The blatant disregard of accommodating the needs of working fathers impacts the entire family.  When fathers work long hours it effects relationships with children.  Mothers develop stronger bonds with children not only as the child bearer, but as the parent who simply ends up spending more time with the child (Haas & Hwang, 2008).  Men experience incessant pressure to take on as much work as possible to maintain financial stability, which not only causes the father to dedicate less time to his fatherhood role, but can influence the quality of the relationship with his partner. Furthermore, high demands on either partner can cause mental, emotional, or physical strain. In many cases, the man a father wants to be is simply not reflected in his lifestyle.
            Fathers who take advantage of family policies, such as paternity leave, may experience many benefits, which in turn creates positive effects for women and children.  Men who dedicate more time to childcare display greater satisfaction within the fatherhood role, and greater father participation in caretaking can improve the quality of interactions with children and ultimately improve the father-child relationship (Haas & Hwang, 2008).  These benefits ultimately increase quality of life for both parent and child.  Women also benefit by being relieved of caretaking responsibilities, which allows them to explore other opportunities. The benefits of men taking advantage of family policies has been observed in workplaces that either require men to take advantage of family policies or foster a culture in which there is a greater awareness that the policies exist for men. Various methods of generating greater father participation in workplace policies geared toward the family may increase the number of men who take advantage of such policies.  One suggestion is for employers to utilize a fatherhood or motherhood passport that would detail the parental status of employees (Burnett, Gatrell, Cooper, & Sparrow, 2013). Identifying parent status would serve as a method of promoting an awareness that male employees occupy fatherhood roles. This would in turn normalize the perception of employees as fathers.  Normalizing fatherhood within the workplace may eventually reduce resistance to requests for taking advantage of family policies. As a result, men and children will experience stronger relationships and women may experience more flexibility if they prefer it.  As men become more able to achieve work-life balance the quality of life for fathers, mothers, and children may be expected to improve.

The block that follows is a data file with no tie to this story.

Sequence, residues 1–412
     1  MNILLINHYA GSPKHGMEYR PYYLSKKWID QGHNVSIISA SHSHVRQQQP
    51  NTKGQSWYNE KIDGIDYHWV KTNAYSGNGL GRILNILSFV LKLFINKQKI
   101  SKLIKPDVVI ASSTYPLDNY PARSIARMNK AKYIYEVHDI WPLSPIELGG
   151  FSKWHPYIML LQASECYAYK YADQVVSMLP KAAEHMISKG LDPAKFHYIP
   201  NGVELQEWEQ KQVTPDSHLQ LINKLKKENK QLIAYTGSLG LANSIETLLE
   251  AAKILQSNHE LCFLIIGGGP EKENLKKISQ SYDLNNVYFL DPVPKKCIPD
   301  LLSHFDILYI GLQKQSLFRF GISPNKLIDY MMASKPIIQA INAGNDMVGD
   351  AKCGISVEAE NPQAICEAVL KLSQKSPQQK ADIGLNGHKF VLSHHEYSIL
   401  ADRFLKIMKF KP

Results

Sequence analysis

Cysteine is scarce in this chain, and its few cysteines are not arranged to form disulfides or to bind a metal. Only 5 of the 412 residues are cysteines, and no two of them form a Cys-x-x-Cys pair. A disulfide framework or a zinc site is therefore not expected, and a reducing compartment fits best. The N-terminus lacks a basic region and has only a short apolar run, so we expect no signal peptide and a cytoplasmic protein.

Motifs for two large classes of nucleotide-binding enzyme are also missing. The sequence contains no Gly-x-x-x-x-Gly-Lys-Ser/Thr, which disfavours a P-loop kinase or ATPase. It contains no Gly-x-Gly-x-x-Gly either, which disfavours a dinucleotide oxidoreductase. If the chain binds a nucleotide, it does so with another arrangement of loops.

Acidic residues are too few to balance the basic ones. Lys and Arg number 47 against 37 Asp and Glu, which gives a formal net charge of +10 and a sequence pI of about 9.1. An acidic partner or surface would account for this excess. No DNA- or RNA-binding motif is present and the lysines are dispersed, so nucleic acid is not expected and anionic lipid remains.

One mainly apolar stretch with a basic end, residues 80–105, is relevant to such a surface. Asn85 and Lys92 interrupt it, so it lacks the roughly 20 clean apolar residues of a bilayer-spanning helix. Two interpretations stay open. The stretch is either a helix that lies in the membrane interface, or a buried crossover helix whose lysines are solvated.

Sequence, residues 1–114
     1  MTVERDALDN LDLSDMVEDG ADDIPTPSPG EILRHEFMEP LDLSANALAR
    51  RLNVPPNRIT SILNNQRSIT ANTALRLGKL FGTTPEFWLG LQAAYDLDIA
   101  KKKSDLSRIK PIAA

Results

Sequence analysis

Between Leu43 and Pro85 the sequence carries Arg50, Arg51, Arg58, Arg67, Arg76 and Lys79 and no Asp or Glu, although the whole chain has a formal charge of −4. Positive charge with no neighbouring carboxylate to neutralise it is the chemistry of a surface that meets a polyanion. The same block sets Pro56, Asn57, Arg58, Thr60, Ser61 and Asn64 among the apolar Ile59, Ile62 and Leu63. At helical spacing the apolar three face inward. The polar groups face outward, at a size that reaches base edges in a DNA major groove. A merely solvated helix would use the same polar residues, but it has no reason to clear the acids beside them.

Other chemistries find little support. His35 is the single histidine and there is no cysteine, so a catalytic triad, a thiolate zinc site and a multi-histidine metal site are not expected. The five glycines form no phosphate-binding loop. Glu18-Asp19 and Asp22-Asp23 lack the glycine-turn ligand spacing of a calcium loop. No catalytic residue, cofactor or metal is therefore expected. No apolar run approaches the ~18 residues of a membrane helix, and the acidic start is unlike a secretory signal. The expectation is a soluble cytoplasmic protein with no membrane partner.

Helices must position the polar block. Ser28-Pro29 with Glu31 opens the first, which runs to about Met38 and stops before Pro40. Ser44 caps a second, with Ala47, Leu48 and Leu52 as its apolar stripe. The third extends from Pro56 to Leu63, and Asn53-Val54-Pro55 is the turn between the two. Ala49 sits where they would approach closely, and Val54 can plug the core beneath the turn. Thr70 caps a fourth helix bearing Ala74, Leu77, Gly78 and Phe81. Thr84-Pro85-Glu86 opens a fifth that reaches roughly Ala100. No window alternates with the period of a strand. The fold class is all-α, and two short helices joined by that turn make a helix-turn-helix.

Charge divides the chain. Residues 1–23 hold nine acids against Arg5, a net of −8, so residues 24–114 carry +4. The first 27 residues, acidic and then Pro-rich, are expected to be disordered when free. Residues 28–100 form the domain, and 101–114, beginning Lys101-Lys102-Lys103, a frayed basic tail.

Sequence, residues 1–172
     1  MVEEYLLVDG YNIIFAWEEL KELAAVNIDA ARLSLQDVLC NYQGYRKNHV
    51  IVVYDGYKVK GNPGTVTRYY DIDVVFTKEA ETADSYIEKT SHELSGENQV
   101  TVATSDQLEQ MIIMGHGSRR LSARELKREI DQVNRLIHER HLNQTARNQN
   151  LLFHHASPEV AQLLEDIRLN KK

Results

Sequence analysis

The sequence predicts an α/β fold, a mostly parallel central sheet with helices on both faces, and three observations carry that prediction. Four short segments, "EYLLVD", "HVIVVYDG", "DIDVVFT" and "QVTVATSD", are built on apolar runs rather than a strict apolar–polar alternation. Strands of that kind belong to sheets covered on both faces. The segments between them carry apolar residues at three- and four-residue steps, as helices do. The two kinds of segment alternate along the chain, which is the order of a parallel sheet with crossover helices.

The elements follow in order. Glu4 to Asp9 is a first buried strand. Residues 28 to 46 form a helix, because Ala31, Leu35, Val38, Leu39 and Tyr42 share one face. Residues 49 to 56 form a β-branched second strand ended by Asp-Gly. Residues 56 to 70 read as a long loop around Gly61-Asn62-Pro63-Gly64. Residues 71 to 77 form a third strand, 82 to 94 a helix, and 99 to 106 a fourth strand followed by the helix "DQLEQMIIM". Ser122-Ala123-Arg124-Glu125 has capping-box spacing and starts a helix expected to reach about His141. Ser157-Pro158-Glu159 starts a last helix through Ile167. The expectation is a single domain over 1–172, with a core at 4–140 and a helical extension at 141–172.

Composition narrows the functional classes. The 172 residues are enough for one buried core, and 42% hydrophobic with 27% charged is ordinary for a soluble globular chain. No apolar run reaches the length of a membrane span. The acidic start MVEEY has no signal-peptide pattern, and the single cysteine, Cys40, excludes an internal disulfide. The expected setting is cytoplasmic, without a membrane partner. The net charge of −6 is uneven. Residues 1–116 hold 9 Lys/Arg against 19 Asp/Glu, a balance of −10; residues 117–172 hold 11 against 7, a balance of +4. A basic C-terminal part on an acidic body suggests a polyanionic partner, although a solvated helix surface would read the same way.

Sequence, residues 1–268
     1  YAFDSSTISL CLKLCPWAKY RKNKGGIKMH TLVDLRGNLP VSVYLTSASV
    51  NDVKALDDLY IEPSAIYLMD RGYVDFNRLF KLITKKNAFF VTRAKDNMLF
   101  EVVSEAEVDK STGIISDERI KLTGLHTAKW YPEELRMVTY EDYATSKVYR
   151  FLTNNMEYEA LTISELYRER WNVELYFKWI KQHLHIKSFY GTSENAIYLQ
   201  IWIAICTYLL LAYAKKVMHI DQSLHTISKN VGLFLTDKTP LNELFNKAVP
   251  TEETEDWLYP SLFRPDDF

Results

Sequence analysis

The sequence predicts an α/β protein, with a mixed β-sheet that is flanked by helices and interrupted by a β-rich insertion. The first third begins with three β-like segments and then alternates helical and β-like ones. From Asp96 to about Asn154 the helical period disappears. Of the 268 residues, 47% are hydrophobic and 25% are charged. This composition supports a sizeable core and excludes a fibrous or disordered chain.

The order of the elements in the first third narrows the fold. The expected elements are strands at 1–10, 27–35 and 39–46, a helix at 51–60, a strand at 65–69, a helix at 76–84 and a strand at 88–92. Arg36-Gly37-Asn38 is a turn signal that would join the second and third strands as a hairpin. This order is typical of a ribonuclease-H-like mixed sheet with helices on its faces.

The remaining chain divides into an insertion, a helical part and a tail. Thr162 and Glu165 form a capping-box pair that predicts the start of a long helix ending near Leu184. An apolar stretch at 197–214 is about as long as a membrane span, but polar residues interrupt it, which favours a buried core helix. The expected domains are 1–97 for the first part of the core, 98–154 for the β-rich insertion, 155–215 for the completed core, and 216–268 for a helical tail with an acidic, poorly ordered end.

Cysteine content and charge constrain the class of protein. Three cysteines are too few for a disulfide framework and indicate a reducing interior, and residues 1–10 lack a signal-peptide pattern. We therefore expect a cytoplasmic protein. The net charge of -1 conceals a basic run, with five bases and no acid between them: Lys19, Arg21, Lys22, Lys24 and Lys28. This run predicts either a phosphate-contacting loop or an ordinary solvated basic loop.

Written by: Aimee M. Poleski

References

Burnett, S. B., Gatrell, C. J., Cooper, C., & Sparrow, P. (2013). Fathers at work: A ghost   in the             organizational machine. Gender, Work & Organization, 20(6), 632-646.
Haas, L., & Hwang, C. P. (2008). The impact of taking parental leave on fathers’ participation in childcare and relationships with children: Lessons from Sweden.    Community, Work and Family, 11(1), 85-104.
McLaughlin, K., & Muldoon, O. (2014). Father identity, involvement and work–family      balance: An indepth interview study. Journal of Community & Applied Social           Psychology, 24(5), 439-452.